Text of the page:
Angry and Sad

My employer announced very recently in a very public forum that they were going to be disconnecting from Stonewall as they developed their own in-house EDI leadership. This immediately set off a storm of homophobic and transphobic abuse and crowing on social media, which was made all the worse because this was the first that the various staff support networks had heard of it. Needless to say there are a lot of hurt and upset people, and a large number of very vocal and passionate meetings are being held. Others are better placed to have those arguments about how to proceed, so a colleague and I who are part of one of those networks have been reaching out to people in our service who were at the meeting to offer support and to offer confidential support to those who are not comfortable speaking publicly.

As with most things like this, the decision lies in the complicated crux of politics and business logic, but damningly it seems to have been done with a naivete about the message being sent to the wider world, and to the staff who had in recent years been beginning to trust their employer. I have at times been fighting back tears of incoherent rage both for my sake, and on behalf of the people I manage and work alongside faced with the enormity of the hate that this move has enabled, and I and my colleague are carefully monitoring and offering support to each other – and thankfully are being in turn supported by both our management and the people we work with. That has been the saving grace I think in the last couple of days – that the overwhelming majority of people in the service are supportive of the whole LGBTQ+ community and are equally shocked by this move – especially so soon after Pride.

There’s a lot of processing and pointed awkward questions now going on; and there has at least been a recognition of the hurt caused and an understanding of just how badly this has gone. That doesn’t erase it, but it does give us somewhere to start in working out where we move on from this point.

I am saddened, and the black dog has been barking loudly in response to all this, but tomorrow is nearly here, and there’s work to be done. As ever I am minded of the question: If you don’t move to work on this, when who else will? Representation isn’t just for the nice things in life, and I’ve got my sleeves rolled up.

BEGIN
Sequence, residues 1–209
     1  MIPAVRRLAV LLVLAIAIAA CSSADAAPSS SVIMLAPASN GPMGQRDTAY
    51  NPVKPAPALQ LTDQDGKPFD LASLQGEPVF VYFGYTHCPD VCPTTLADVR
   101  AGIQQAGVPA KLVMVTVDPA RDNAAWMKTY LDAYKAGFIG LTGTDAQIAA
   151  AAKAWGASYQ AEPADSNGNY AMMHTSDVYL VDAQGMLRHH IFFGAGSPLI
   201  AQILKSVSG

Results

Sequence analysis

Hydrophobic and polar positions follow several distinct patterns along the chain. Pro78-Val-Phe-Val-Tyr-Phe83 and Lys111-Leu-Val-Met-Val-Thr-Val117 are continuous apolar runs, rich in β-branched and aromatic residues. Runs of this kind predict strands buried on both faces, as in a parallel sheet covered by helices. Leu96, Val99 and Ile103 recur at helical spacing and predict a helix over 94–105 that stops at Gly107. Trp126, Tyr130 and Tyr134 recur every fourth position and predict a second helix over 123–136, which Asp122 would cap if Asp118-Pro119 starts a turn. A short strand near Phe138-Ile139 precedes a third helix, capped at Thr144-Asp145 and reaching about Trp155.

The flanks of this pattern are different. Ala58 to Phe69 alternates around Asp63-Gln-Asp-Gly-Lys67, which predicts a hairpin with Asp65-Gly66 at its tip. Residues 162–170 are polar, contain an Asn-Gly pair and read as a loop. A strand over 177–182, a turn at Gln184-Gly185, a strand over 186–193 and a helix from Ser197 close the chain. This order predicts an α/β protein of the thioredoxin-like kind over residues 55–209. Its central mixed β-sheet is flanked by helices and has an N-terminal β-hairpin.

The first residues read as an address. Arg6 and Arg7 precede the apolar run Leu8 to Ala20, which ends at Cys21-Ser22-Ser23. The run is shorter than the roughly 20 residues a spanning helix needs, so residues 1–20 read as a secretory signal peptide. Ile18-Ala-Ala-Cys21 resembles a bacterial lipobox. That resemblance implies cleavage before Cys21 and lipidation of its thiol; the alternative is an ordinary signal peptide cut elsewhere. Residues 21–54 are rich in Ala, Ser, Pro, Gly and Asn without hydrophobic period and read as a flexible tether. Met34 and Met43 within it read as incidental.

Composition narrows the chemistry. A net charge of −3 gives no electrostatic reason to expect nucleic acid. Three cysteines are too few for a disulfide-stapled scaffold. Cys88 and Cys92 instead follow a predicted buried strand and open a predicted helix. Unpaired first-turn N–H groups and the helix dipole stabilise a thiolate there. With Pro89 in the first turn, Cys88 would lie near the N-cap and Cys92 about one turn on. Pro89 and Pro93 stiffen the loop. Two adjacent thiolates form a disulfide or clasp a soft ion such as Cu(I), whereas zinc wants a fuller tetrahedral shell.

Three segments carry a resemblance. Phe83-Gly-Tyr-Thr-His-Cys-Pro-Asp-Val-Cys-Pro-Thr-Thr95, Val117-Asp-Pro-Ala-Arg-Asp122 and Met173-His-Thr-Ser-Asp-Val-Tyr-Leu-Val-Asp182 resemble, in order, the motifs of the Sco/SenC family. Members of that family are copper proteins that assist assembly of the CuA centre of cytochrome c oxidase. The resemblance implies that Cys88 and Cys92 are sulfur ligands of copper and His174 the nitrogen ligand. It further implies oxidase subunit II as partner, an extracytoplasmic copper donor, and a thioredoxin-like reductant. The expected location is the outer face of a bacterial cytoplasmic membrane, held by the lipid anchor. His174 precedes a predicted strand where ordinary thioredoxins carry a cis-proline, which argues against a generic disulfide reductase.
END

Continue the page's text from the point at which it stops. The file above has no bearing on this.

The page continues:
No Rest For the Wicked

I’ve just spent the last couple of days compiling my first article for the Surrey History Centre, and it is centred around our experiences as a polycule, banding together in the face of the first lockdown. It seemed appropriate with the news of the emergent omicron variant to reflect on how we got through the early days, and supported each other. It’s a couple of thousand words – about four sheets of A4 if you’re trying to picture it – and is a whistle-stop tour of how Discord and social media became a way of making our own virtual bubble even while apart.

Of all the things I might have expected to come of it all though, I don’t think I really expected to be as forthright when talking to strangers about things as I am now. I’ve always been more of a people watcher when in new surroundings. I tend to open up and gather my storytelling largesse once I know who I’m talking to instead – or at least to waffle as a smokescreen. I’m under no illusions that part of that is a trauma response gathering and redirecting attention where I want it to be, but I digress. A large part of living with, loving, and knowing the people I do has been accepting that I need to speak up and educate where needed – and sometimes that’s in the strangest places.